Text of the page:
The question still remains.... 
"Where are we going next?"

see you back in the 

xoxo, SMocK you. 

Friday, February 22, 2013

Friday afternoon fun.....

More works in progress....

I think there is a theme....................................

I really am enjoying carving out an hour of my Friday afternoons (after school) to just create something.  These bowls have become my whimsical effort to just be an artist.  I don't know where they will end up, or who will provide them a good home, but I do know, it was worth 60 minutes of my Friday.

xoxo, SMocK you. 

Wednesday, February 20, 2013

A work in progess ...

It has been simply a joy to work on the wheel! I was inspired by some vases at Anthropologie.  This one is in the kiln, right now!

Saturday, February 16, 2013

An Art Adventure with Vincent Van Gogh....

1st grade:  Following Anna's Art Adventure

Vincent van Gogh

"I am not an adventurer by choice but by fate."

Vincent Van Gogh, "Wheat Field with Crows"

slide from Anna's Art Adventure powerpoint

In first grade we are half way in our Art Adventure in finding that toilet!  Our pursuit has taken us to a "Wheat Field with Crows" where a 'trembling' man in a yellow straw hat was painting with many glorious shades of yellow.....
Vincent van Gogh.
We started our discussion with a short biography of Vincent van Gogh's life and how his emotions influenced his paintings.  His bold colors and 'shaky' lines were the perfect avenue for my students to look and explore the elements of art.

slide from Anna's Art Adventure powepoint

When we were discussing the various slides from the powerpoint, the focus was encouraging my students to investigate, study, analyze and evaluate (talk about) Vincent van Gogh's paintings in an effort to create a foundation of visual literacy.  Wonderfully enough, my students have become accustomed to looking, listening and talking, so we can spend 45 minutes doing just that!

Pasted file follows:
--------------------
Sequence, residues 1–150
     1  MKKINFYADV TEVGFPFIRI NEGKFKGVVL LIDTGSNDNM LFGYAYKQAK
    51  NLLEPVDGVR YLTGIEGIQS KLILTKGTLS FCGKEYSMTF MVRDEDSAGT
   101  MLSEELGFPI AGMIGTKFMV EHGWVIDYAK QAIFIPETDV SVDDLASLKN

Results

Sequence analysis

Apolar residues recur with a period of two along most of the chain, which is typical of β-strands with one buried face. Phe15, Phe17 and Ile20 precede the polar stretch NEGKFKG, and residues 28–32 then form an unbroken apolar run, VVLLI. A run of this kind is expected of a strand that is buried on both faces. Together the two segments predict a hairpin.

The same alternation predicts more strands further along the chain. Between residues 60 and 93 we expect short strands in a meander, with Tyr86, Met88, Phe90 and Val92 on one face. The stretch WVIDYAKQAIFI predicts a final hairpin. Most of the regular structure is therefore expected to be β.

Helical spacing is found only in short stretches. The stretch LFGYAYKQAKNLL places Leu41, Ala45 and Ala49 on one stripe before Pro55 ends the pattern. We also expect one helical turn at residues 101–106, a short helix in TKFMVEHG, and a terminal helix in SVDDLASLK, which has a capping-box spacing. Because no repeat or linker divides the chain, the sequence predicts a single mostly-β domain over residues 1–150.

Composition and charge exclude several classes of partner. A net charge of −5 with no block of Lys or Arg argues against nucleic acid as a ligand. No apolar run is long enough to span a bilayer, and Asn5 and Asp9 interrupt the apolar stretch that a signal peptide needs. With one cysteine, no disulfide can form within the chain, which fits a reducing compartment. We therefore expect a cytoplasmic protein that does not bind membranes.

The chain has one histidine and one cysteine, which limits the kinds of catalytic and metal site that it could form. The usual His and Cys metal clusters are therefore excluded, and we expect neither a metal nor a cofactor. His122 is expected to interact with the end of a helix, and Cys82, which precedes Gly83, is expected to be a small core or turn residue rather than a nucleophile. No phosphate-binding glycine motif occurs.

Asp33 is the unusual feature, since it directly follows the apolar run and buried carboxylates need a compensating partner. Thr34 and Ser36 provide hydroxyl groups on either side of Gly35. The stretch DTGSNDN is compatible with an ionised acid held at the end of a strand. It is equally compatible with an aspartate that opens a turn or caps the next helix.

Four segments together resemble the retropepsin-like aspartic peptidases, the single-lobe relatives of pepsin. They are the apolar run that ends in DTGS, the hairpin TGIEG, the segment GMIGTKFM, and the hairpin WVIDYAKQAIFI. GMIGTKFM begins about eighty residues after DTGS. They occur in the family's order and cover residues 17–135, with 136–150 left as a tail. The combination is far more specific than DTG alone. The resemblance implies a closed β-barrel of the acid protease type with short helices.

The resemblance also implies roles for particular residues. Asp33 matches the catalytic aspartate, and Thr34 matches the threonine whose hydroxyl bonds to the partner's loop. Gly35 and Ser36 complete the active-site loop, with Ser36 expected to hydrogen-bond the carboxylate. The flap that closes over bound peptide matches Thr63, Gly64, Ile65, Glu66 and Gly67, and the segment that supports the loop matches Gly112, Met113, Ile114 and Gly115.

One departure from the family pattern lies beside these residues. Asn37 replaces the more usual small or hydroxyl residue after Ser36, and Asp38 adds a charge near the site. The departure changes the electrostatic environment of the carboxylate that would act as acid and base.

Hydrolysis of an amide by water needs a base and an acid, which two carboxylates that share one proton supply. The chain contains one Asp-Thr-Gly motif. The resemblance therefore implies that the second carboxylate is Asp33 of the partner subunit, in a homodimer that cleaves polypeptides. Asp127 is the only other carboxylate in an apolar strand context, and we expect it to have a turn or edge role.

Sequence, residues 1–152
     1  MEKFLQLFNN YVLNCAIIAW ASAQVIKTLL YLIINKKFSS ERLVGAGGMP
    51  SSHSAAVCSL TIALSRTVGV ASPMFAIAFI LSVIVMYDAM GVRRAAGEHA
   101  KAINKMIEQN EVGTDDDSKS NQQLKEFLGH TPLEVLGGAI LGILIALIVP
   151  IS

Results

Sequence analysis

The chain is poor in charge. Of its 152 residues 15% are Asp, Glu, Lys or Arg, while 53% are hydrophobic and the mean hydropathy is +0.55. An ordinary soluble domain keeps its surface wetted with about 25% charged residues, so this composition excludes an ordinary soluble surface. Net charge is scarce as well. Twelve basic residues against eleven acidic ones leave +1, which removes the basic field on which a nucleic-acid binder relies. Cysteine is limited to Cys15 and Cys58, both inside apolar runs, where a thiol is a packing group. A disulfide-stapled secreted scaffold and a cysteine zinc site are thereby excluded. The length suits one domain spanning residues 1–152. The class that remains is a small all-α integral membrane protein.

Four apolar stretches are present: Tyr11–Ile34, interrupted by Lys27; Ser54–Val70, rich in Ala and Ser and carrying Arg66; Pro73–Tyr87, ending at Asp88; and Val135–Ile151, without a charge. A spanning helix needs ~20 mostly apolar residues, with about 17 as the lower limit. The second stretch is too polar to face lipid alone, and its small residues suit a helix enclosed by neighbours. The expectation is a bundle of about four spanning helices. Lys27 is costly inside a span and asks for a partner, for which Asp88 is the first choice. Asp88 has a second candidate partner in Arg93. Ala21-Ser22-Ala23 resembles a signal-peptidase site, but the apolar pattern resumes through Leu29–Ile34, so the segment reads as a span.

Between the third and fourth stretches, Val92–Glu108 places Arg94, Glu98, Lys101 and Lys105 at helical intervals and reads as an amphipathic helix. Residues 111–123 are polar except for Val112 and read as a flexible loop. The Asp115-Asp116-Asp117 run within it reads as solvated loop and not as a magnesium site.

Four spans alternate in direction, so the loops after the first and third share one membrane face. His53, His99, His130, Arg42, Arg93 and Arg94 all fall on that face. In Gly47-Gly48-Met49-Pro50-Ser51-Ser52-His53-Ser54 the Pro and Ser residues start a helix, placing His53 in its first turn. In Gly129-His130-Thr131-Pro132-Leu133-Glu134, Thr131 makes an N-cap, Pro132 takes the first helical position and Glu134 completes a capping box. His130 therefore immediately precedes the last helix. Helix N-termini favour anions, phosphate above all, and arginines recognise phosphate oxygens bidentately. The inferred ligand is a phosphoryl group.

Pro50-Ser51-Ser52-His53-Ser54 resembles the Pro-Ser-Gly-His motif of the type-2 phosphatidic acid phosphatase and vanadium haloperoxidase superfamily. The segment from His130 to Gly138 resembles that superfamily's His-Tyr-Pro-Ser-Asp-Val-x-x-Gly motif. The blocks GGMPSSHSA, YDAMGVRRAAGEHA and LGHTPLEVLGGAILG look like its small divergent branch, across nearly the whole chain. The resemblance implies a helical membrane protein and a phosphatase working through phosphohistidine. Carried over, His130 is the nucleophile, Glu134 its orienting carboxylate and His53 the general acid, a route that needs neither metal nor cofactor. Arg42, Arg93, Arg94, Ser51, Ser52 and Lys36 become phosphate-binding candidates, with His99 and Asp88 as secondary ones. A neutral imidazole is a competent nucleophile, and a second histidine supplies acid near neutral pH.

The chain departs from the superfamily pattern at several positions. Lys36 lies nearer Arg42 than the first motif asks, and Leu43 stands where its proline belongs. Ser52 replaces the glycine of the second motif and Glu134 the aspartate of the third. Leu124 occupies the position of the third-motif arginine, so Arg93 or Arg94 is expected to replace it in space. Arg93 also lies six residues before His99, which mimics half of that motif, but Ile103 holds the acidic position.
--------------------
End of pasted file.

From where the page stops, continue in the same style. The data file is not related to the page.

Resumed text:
A lot of the references and questions target the text from Anna's Art Adventure, building my students' skills of recollection and using prior knowledge towards offering answers.
slide from Anna's Art Adventure powerpoint

 Inspiration for this project came from Vincent van Gogh's numerous paintings of his sunflowers.  We did not paint sunflowers.  Rather I emphasized the idea in the book, regarding color to employ what they already know and introduce something new.

Looking at the artwork of Van Gogh really lent to a deeper study of color and the introduction of the color, to help my students understand how all these glorious colors that he used could be made.  We use our prior knowledge of the primary colors, learned much earlier with "Mr. Kelly" and "Mr. Mondrian", but this time we approached them in a very different, very mathematical and scientific way. Just like in math, we learned "ART EQUATIONS" and took notes to help us understand placement of colors on the wheel and reason.


For example:  
1+ 1 = 2  
Primary (1) + Primary (1) = Secondary (2)
Red= Primary= 1
Yellow= Primary = 1
Red + Yellow= Orange (2)